Telling Stories

On Friday morning, we had the privilege of meeting with Bobby Rettew to make plans for our first Safe Harbor video project.  As a videographer and journalist, Bobby is helping us to realize that making a video about Safe Harbor is much more than listing information about our mission and services.  It is about telling stories.

What does it look like to tell the stories Safe Harbor?  We’re not used to telling our stories, but it’s not because we don’t have them.  On the contrary, Safe Harbor is filled with stories…stories that remain forever in our hearts and memories…stories that may sometimes keep us awake at night…stories that often bring us to tears with sadness or laughter, sometimes both.  Safe Harbor has a million stories – stories of victims and survivors, mothers and children, brothers and sisters, volunteers and generous donors…the list goes on and on.

But, for the most part, our protocol is to lock up our stories and throw away the key.  For us, the stories are sacred, and confidentiality is such an important part of the work that we do.  We want to protect the stories, because we want to protect the people behind the stories as well:

  • The mother who came to the shelter with her 2-day-old infant straight from the hospital, healing from the bruises left from her husband’s fists at the same time that she healed from childbirth. 
  • The volunteer who answers our crisis line – when she fled from her violent relationship 35 years ago, there was no crisis line for her to call.
  • The 12-year-old boy who came to Safe Harbor with his mom after throwing rocks at his step-father, trying to prevent him from pushing her to the ground again.
  • The high school student who came up to our teen educator after she had completed a presentation about dating abuse in his class – he asked, “If someone grows up watching his dad beat his mom, does that mean that he is going to grow up to become an abuser, too?”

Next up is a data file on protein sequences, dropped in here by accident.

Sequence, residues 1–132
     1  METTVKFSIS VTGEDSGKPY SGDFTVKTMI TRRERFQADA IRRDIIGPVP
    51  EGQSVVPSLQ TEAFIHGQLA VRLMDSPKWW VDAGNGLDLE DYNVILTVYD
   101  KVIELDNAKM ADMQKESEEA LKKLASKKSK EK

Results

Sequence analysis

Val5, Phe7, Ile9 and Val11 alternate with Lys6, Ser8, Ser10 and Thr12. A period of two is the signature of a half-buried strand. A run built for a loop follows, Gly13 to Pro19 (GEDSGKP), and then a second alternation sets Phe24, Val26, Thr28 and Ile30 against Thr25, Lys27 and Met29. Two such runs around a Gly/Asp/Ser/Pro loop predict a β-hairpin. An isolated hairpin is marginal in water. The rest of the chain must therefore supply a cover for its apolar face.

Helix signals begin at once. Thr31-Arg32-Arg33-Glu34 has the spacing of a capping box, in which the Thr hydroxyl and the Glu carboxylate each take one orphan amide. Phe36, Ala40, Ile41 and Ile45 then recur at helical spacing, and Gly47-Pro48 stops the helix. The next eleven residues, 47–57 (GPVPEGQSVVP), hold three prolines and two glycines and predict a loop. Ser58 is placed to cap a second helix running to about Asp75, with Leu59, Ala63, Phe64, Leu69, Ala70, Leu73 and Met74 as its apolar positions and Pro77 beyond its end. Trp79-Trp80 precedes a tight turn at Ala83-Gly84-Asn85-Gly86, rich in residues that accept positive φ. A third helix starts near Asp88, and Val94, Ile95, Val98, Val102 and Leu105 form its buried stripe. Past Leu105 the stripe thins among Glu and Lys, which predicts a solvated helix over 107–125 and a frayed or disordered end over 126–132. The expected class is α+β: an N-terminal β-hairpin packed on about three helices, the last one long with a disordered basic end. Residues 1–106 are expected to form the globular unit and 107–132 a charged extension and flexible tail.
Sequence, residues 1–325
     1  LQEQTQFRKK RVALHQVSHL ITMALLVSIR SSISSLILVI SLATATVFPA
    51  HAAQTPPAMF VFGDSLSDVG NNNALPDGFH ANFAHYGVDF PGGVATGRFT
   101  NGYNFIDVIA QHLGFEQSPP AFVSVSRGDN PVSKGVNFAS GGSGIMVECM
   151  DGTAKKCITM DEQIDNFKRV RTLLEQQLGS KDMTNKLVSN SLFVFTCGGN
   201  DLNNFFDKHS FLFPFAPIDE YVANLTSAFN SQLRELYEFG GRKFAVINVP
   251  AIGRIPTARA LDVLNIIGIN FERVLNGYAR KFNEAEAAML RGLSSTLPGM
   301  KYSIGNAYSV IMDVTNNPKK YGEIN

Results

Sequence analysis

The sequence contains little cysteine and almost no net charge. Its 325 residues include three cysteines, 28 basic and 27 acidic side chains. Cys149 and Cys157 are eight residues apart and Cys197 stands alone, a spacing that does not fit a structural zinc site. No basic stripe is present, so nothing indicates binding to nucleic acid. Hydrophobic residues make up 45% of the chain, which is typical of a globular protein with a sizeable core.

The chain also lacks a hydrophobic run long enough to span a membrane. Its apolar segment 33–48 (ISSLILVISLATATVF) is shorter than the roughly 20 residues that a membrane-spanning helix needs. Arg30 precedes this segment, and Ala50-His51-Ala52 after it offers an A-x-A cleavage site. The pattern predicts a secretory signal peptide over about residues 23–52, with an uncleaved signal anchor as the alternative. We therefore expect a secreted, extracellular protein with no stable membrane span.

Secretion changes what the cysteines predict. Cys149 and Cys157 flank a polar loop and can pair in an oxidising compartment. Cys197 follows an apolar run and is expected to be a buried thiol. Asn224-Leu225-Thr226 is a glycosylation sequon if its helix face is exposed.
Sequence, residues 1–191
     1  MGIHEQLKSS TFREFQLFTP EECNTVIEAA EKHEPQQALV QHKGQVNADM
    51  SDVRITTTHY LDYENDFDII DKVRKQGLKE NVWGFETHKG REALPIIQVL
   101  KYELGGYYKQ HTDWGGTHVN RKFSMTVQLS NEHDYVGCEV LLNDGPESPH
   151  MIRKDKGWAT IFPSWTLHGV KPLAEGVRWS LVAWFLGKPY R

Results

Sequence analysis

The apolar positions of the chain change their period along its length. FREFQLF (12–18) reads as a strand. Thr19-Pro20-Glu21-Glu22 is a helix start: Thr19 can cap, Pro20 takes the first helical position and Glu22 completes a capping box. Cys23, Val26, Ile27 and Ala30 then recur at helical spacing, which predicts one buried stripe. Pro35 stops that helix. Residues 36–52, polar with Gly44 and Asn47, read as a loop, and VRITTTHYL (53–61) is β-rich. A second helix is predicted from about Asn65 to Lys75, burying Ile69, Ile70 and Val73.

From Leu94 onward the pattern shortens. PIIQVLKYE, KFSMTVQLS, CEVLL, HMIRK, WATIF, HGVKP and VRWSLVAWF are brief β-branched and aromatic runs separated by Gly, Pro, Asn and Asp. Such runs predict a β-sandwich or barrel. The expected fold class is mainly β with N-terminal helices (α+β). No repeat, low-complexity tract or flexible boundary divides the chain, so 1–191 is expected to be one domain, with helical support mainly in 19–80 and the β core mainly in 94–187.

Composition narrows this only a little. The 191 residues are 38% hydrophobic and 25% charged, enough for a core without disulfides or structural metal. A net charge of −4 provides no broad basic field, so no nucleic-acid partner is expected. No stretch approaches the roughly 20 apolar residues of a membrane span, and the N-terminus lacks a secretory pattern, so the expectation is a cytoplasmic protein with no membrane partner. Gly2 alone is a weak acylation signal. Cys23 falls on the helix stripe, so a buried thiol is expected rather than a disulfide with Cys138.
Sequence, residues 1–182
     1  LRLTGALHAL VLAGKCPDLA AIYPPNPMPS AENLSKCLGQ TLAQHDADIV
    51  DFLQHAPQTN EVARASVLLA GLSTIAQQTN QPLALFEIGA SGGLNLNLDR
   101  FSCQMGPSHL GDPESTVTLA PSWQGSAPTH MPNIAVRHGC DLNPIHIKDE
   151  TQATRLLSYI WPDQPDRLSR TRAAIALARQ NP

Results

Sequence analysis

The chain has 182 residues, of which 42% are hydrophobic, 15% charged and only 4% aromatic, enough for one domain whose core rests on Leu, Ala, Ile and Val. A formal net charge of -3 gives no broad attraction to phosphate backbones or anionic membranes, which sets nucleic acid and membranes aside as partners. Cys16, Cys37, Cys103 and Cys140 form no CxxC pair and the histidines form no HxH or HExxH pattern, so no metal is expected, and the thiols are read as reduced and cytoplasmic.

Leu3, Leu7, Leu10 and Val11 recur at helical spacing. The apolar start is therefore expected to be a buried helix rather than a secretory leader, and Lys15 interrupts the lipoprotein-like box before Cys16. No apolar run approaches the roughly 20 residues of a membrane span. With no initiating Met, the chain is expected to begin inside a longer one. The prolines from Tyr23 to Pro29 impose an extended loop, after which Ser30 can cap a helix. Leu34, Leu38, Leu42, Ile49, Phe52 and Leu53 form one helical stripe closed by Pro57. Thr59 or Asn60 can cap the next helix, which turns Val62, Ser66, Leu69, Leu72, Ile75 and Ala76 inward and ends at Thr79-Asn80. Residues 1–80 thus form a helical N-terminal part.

• The woman who came to Safe Harbor 2 years ago with no self esteem and a hopeless outlook on life.  Today, she is working in her dream job and living in a home of her own.
  • The brother & sister who came with their mom to the shelter, struggling with nightmares and flashbacks and anxiety due to the violence they had experienced at home.  Now, they laugh and play and sleep soundly every night.

These stories mold us and change us, helping us to constantly look at the world through a new lens and with a fresh perspective.  And, perhaps for the first time, we are realizing that these stories are not just our stories.  They are not just the stories of the people who shared them with us.  They are your stories, too.  They are the stories of our community.  They are the stories of those victims of domestic violence and children witnessing violence who haven’t had a chance to tell their story yet. 

Through this project, we are learning how to tell our stories.  They will remain safe and confidential and sacred.  But, hopefully, these stories will impact our community, open our eyes, and call us to work together for change.

This Post Has 2 Comments

  1. I am so very glad you are telling stories. I know for a fact that telling my story out loud to a group of my peers saved a girl from a relationship that was very violent. She heard my story when it was still fresh it was my first night back at work. She came to me about 6 months later and gave me a hug and said thank you for telling your story I am out and free now, luckily before I married him.
    My Story: